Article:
Due to the constant change in capacity, local governments were subsequently asked to open a reception facility, close it and re-open it later. They denounced this ‘yoyo-policy’ in November of 2019, indicating that they were no longer willing to open new reception facilities. They demanded a more structural, long-term policy for the reception network that can absorb the fluctuating numbers of applications for international protection.[4] In November 2020 the Secretary of State for migration issued a Policy Note on asylum and migration, establishing as a priority the development of a stable but flexible reception system, in order to meet the demands of the local governments.[5]

However, since September 2021, the reception network has been under enormous pressure, the occupancy rate being at 96% for months (the saturation capacity at 94%) (see Constraints to the right to shelter). Possibilities of opening new reception places were urgently examined by the Belgian government and Fedasil and several new reception centres – some structural, some emergency shelters opened in the last months. However, these were insufficient to provide reception for all applicants needing shelter.[6] Difficulties are encountered especially due to the remaining unwillingness of local administrations to accept opening centres on their territory.[7]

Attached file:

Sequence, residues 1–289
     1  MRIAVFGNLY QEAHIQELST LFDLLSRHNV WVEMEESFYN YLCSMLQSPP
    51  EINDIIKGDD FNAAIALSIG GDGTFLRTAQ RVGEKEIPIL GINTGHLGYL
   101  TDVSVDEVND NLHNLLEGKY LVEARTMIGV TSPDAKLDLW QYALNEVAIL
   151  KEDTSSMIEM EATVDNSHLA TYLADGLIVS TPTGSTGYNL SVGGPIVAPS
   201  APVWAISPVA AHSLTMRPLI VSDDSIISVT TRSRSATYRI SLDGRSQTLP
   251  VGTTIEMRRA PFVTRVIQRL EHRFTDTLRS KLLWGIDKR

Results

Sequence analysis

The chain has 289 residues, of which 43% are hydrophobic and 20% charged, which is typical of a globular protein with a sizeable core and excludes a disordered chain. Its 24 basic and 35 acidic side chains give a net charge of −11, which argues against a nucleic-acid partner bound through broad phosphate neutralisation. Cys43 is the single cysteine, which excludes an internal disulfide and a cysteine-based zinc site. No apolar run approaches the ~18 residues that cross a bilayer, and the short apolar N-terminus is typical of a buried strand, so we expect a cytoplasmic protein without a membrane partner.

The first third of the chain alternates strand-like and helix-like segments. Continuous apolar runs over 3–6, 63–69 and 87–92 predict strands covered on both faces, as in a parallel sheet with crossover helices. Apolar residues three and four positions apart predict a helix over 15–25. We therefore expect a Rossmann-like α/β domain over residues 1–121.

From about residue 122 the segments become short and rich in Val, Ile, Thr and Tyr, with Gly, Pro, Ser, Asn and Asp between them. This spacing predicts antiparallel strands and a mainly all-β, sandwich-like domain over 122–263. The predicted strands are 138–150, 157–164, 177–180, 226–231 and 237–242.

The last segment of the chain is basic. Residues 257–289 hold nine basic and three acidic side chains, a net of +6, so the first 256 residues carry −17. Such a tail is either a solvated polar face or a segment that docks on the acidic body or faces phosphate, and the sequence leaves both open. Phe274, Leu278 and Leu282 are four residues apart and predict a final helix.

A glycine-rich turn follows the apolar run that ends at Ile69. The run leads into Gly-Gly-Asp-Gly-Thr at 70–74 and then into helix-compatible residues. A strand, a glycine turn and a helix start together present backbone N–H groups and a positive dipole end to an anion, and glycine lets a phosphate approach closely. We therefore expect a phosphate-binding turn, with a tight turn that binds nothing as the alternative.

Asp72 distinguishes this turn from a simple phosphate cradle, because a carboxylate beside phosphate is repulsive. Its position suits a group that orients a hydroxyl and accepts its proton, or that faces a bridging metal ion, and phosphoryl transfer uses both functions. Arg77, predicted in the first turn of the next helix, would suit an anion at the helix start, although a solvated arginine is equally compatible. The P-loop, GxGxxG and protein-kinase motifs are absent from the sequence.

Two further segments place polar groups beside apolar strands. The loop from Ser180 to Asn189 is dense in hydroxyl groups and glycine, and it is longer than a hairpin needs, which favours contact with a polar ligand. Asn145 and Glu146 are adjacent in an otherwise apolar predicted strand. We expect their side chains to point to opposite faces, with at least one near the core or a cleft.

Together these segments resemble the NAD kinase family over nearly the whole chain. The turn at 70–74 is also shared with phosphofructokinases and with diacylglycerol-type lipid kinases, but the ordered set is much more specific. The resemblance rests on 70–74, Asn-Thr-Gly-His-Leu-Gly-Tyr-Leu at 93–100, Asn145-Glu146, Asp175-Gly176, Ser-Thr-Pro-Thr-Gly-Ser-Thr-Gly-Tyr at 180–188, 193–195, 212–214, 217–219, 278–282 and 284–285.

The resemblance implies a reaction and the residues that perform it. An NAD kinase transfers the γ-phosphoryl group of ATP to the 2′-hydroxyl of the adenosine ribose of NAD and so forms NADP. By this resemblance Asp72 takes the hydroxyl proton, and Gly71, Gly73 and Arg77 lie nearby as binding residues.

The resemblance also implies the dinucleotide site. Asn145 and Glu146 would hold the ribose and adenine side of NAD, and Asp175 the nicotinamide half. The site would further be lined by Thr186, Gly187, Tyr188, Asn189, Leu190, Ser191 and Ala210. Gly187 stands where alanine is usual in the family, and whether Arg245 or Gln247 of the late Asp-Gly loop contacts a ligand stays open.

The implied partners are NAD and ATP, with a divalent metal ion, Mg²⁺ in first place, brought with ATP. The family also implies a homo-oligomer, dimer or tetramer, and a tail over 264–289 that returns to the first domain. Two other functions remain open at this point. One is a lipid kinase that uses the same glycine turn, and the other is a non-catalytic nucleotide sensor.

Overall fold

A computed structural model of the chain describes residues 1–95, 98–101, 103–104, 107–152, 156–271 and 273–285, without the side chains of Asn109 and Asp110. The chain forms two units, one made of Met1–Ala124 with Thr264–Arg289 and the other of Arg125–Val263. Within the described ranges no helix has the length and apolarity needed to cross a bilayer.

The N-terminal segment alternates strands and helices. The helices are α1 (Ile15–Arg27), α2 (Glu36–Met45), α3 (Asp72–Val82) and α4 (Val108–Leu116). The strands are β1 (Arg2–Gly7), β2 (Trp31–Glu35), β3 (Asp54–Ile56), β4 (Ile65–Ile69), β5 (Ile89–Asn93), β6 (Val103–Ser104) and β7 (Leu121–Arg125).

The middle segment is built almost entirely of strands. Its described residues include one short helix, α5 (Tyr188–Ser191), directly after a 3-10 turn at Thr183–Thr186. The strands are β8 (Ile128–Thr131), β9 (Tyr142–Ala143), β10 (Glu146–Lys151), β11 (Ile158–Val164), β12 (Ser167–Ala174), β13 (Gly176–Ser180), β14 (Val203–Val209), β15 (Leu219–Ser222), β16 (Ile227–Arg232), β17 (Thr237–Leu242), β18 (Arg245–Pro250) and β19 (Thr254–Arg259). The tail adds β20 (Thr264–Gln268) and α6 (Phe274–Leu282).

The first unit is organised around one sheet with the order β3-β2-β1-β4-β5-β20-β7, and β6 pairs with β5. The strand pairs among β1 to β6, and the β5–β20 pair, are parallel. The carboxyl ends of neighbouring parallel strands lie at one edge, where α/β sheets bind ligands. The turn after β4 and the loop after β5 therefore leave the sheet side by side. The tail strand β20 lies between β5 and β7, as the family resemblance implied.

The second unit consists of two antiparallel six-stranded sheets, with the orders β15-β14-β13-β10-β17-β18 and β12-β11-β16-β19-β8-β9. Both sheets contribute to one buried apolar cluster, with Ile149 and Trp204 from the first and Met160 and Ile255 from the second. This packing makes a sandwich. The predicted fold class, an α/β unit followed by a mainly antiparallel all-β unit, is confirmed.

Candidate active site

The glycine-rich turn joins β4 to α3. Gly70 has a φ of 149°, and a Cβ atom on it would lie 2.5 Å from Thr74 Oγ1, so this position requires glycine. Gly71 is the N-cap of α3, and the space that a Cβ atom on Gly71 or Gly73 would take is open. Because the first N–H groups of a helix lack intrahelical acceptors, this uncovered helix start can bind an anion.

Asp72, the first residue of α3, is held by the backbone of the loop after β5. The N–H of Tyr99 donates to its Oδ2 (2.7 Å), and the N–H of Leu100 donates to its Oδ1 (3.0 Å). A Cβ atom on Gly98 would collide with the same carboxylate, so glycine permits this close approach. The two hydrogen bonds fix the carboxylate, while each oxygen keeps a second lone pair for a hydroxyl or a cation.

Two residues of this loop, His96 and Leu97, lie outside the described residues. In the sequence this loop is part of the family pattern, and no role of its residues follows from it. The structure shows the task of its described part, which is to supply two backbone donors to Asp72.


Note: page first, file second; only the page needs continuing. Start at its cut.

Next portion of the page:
At the end of 2023 the reception network had a capacity of 35,651 places.[8] Although 3,388 new places were created in 2023, 1,669 places closed. The overall number of places was largely insufficient to provide reception to all asylum seekers in need. The reception crisis persisted throughout 2023, with a total of 8,816 persons with a reception need not being able to get a reception place.

As of March 2023, the 114 main collective reception centres were mainly managed and organised by Fedasil (35 centres, capacity of 10,604 places), Croix Rouge (26 centres, 8,180 places and Rode Kruis (21 centres, capacity of 5,374 places). Some other smaller partners manage and organise 32 centres with a capacity of 2,798 places.[9]

The NGO partners (SAM, Agentschap Opgroeien, Caritas, Ciré and Stad Gent) and PCSW (LRI) run the individual reception initiatives.

There are also specialised centres for specific categories of applicants (see Special Reception Needs).